Brew Dudes

Homebrewing blog and resource

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Saving Sour Beers With Fruit

In the course of aging sour beers, things can go awry. These brew dudes don’t think that should ruin everything. When you put that much time into a beer, it would be a big letdown to pour it down the sink. The beer that was known to us as the “2 year old” was a little off. Watch this video to learn more about how I added fruit to this beer and saved it from a death down the drain.

Why This Beer Needed Saving

In 2017, I had 15 gallons of beer to blend into one gueuze. These volume was attained by brewing one the same day of the year for three years.

After evaluating the beers, we felt like the beer that was two years old at the time was not great. The majority of the blend came from the other beers.

The two year old was put back into the dark corner of my basement until I had an idea of what to do with it.

To save this beer, I had to add fruit to it. I debated what kind of fruit to use – raspberries were in the running – but in the end, I decided to use cherries.

Cherries and Everything Else I Added To This Beer

I typically use frozen fruit as the additions to my beers and this time around was no exception. I bought a thre pound bag of frozen cherries – a blend of sour and black cherries. Then, I added the contents of a couple of 32 ounce bottles of 100% “Just Tart” cherry juice from the R.W. Knudsen Family company.

Then, because I was getting creative or bored or both, I added 8 ounces of French oak cubes (medium toast) and two split-down-the-middle vanilla beans.

After all these additions were made, the beer sat for 9 months before I made plans to bottle it up.

When I tasted the beer, it wasn’t “cherry” enough so I added half of a bottle of pure cherry extract to push that flavor note forward.

Tasting Notes

At bottling, I added 230 grams of corn sugar boiled in 2 cups of water for 15 minutes. I then added one packet of CBC-1 Cask & Bottle Conditioning Yeast properly re-hydrated.

Here’s what Mike thought about this beer.

Lots of acidic notes on the notes. The C02 was pushing a lot of sour notes.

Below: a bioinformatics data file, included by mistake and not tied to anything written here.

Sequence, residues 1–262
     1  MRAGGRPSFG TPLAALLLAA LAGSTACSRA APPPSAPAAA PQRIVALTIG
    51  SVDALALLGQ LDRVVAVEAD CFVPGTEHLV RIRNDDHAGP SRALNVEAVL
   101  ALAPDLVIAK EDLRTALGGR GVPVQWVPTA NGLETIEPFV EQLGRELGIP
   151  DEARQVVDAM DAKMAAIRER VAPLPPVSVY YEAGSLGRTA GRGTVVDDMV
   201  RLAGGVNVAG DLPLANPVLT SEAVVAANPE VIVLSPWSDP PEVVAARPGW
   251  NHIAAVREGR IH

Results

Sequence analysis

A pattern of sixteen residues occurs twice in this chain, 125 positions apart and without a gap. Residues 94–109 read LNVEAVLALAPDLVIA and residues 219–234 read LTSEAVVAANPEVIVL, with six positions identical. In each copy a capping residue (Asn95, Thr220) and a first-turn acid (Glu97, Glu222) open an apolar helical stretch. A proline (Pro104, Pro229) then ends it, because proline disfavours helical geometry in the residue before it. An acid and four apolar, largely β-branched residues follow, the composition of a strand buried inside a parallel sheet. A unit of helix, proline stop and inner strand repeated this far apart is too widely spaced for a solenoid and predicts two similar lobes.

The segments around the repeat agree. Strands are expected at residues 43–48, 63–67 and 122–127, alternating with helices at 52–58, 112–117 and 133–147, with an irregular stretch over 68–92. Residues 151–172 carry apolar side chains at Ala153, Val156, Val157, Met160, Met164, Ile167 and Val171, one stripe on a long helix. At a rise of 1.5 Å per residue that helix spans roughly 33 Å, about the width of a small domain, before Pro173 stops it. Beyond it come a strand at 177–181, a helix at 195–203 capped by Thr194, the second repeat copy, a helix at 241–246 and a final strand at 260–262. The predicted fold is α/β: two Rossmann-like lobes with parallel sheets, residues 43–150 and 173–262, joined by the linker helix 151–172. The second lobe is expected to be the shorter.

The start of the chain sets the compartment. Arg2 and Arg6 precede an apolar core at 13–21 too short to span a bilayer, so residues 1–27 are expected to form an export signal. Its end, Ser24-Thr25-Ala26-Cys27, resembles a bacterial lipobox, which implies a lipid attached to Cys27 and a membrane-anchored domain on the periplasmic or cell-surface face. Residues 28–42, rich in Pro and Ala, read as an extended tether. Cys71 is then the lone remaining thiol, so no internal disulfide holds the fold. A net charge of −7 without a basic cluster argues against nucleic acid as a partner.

Cherry/berry notes on the nose with caramel and woody notes.

The taste was full of deep, mahogany fruity taste with some sour cherry notes. He got some subtle wheat cracker taste.

I am glad I was able to save this beer. It made for a great Kriek beer.


Rakau Hops – SMaSH Beer Tasting Notes

By request, we brewed this SMaSH beer to learn more about Rakau hops. Somebody somewhere asked for us to brew with this hop, so we did.

This variety is from New Zealand and it has a lot to provide to the palette. Check out our review of this Rakau hops SMaSH beer with these tasting notes.

I am sure I am mispronouncing the hop name in the video because that’s what I do. I wish I didn’t.

If you know how to pronounce the name of the hop, please add it in the comment below and enlighten everyone who reads this post.

Brewing Notes

With the flavorful hops, I tend to add the majority of my pellets at the end of the boil. If you add them at the beginning, different flavor notes come through. You get a better sense of the bittering properties of the hop but these new varieties, in my opinion, aren’t to be used early in the boil.

With the Rakau hops, they are listed as dual purpose, which means they could be used for bittering or for flavor, but my brewing method was to provide as much flavor in the final beer as possible.

Tasting Notes

I put Mike to the test and I thought he nailed it. He presented these notes for the hop flavor:

  • Raspberry flavor without the acid bite
  • Muted sweet cherry note
  • Blackberry
  • Soft, mixed berry thing – Red wine grape like character

The commercial descriptors were in line with what he said. I quoted something I read:
“Once described as the whole orchard”

It certainly reminded Mike of the mixed berry salad that his wife made last night.

The other items were stone fruit and a fig character.

Mike theorized that maybe the seedy berry taste he was getting could be in line with an earthy figgy flavor.

I though the beer has a strong strawberry note.

Final Thoughts

I think this hop could shine on its own in a hop forward beer. My thoughts were a pairing with Melba hops in an IPA.

My other thought was that this hop would work in a sour beer like a Berliner Weiss or a kettle soured beer.

Mike thought it would worked in a fruited wheat beer (50% wheat malt in the grain bill, America ale strain, some berry added during fermentation) because it would marry well with this hop’s flavor profile.

Thanks for reading – hope you give this hop a try.


First Catalyst Fermentation System Beer – Tasting Notes

This is the moment we have all waited for – the first taste of the beer that Mike brewed in the Catalyst Fermentation System.

We did the unboxing to see all the parts and get a sense of what this thing looks like.

We did the brew session to show off the system in action.

We even showed off how to dump trub from the fermentation chamber.

Now, it’s time to taste the beer that was fermented in the Catalyst. It’s a witbier and (spoiler alert) it’s a good one. Check out this video to see what we mean.

WitBier Notes

If you want the majority of the recipe, you can find it on the brew session page, but here is the list of hops and the yeast strain that Mike used as he said in the video.

1 ounce East Kent Goldings at 60 minutes to go in the boil
1 ounce Amarillo at 10 minutes to go in the boil

The yeast that he used was WYeast 3944 Belgian Wit. He used this instead of the White Labs Witbier yeast.

I thought this witbier was really, really good. It really was a Hoegaarden plus. The beer had that glowing yellow hazy look.

We thought that the yeast strain brought a phenol note that the White Labs strain does not but it could have been the high fermentation temperatures.